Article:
Apologies for the interruption to my normal radio sector analyses, but I wanted to let you know that a book of my writings about DAB radio was published this week. It collects together 99 of the essays that have appeared in this blog over the last two years concerning the digital radio switchover issue in the UK. The period between 2008 and 2010 was a critical ‘make or break’ time for DAB which ended with the legislation of the Digital Economy Act. But have any of the committees, consultations, working groups, reports and recommendations from this period made any difference to the slowing take-up of DAB in the UK? No.
“I’ve been surprised by how many of my peers at the golf club have adopted internet radio and some of those are people who can’t even get a decent FM signal, never mind DAB. The key issue with DAB and the migration to FM is going to be dictated by the speed at which at the motor car can be migrated, and there is no easy solution. If the migrations takes 20 or 25 years to go as it did from FM, the future is just possibly wi-fi.”
Digital radio switchover seems doomed and the only people still talking it up are those who have a direct stake in it, either through their financial investments, or from earning their living from talking it up. Because the UK started on the DAB switchover trail earlier than other European countries, our experiences have relevance to markets that started later on the DAB journey.
This week, it has been interesting to see the interest my book has spurred in markets such as Norway, Denmark and Italy where, like the UK, DAB is still being pursued despite widespread consumer indifference. In Norway, a news story about the local receiver market appeared in the newspaper Aftenposten headlined ‘Customers do not want DAB: FM is still selling like hotcakes’. The buyer at a Norwegian electronics store said that DAB was already a flop and he was quoted: “So far, this year, according to industry sales statistics to which I have access, only one DAB radio has been sold for in-car installation”.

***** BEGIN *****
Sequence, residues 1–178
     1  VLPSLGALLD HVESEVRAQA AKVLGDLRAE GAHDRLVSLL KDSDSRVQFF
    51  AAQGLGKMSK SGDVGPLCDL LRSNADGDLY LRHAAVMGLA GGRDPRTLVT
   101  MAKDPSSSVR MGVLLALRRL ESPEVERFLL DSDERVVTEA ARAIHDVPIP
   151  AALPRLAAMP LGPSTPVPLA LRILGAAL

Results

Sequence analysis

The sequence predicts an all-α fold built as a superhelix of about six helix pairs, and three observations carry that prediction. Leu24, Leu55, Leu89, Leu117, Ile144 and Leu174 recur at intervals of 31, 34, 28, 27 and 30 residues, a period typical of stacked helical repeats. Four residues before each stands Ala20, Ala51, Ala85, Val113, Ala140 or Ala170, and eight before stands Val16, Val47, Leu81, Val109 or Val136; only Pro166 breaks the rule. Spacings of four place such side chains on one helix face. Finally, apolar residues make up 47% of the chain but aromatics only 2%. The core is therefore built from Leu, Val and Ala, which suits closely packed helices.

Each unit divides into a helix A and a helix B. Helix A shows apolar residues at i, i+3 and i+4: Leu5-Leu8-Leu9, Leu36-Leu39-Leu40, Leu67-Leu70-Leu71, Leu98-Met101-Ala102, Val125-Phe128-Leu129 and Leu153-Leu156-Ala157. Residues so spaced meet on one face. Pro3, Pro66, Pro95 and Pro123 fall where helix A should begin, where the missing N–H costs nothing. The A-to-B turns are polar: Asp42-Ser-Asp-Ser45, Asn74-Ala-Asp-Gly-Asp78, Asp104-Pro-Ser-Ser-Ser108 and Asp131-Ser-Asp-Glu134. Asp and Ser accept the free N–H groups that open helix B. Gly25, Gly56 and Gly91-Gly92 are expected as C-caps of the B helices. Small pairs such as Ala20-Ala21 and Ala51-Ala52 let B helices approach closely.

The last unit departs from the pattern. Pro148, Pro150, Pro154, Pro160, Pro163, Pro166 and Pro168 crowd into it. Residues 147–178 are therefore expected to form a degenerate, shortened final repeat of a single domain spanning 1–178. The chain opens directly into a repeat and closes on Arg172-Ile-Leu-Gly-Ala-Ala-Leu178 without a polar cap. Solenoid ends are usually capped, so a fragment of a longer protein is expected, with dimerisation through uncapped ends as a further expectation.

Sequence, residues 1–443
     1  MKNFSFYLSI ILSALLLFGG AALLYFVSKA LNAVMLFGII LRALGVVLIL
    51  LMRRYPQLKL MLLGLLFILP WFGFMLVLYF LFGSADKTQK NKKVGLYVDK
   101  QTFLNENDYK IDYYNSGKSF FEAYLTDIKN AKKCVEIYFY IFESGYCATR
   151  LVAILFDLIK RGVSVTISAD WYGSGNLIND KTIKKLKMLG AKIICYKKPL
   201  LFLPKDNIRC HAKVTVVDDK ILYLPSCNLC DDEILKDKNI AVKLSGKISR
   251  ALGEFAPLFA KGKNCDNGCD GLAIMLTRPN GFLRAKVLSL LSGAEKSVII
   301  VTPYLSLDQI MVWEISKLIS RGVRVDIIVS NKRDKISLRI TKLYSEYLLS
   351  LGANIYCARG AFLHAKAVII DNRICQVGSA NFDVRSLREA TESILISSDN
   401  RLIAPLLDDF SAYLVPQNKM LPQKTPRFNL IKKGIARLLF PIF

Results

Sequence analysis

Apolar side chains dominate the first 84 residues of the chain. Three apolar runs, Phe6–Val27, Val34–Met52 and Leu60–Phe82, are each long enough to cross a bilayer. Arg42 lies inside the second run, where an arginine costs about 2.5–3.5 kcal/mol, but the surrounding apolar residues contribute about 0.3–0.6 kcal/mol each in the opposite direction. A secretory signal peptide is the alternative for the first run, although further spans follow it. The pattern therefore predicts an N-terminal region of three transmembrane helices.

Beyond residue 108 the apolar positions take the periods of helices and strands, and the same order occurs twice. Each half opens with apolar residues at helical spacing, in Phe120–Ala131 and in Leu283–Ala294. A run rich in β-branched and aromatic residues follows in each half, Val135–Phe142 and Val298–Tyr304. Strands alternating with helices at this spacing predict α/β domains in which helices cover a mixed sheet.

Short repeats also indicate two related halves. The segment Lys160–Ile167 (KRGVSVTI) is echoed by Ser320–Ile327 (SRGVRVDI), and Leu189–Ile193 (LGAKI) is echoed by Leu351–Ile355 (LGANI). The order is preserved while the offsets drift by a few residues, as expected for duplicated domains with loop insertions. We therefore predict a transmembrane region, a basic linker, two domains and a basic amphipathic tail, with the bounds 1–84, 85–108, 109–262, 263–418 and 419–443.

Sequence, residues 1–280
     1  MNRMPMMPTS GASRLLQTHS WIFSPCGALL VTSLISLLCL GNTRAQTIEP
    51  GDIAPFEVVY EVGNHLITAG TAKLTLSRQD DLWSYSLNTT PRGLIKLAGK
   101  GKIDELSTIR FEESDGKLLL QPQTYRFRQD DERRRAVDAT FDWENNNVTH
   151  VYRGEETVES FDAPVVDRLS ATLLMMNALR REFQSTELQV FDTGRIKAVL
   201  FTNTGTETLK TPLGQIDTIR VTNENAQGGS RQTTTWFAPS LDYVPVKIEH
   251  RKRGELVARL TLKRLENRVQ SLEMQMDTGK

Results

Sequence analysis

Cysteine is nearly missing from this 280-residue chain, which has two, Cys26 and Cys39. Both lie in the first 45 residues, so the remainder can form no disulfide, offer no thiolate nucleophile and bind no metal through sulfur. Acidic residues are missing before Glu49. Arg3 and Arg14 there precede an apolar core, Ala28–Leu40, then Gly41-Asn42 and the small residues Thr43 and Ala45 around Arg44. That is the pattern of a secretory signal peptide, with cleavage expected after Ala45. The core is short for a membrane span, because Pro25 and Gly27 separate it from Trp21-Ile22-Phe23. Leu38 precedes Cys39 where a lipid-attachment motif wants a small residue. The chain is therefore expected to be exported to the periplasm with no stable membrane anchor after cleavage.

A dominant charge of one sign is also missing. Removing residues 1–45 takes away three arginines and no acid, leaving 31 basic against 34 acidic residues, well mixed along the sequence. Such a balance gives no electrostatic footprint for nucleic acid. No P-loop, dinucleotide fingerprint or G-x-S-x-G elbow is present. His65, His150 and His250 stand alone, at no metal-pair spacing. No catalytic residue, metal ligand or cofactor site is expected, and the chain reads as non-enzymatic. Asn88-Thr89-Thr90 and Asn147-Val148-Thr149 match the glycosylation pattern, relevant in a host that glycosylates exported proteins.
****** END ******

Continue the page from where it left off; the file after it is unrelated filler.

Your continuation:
Many countries are awaiting some kind of government decision as to whether digital radio switchover will still be a policy goal. In Norway, a government report on the DAB issue is to be published later this year. In France, a government report on the financial model for digital radio was meant to have been unveiled this week, but was not. In Germany, the 21 September deadline by which state and commercial radio was meant to have submitted a joint plan for government funding to re-launch a national DAB+ multiplex passed without agreement and has had to be extended to 15 December 2010. One German report said “it is highly doubtful whether the negotiating parties will agree by the [new] deadline.” Another report said: “experts suspect that this is the last chance for DAB+.”
In Italy, radio stations that have started broadcasting in DAB and DRM are angry at the lack of digital radio receivers in their shops and have turned to UK manufacturer Pure Digital for help. One Italian report asked: “Do people feel the need to replace their old FM radios? Especially in the era of the smartphone, internet radio and applications, the answer seems obvious.” In Spain, the existing DAB radio licences that were initially issued for a ten-year period in 2000 have just been extended to fifteen years, in the face of widespread consumer apathy towards DAB radio.
It is evident that the digital radio switchover issue continues to generate a lively debate in many European countries. My hope is that our experience in the UK can help other countries make an informed decision about the adoption of a realistic plan for ‘the future of radio’ in their own markets.
DAB DIGITAL RADIO: LICENSED TO FAIL
Radio Books, London
ISBN 978 0 9564963 0 0
paperback 297×210 mm, 314 pages
1 October 2010
book excerpts here
more information http://www.radiobooks.org
available from online book retailers including Amazon
Book plug over.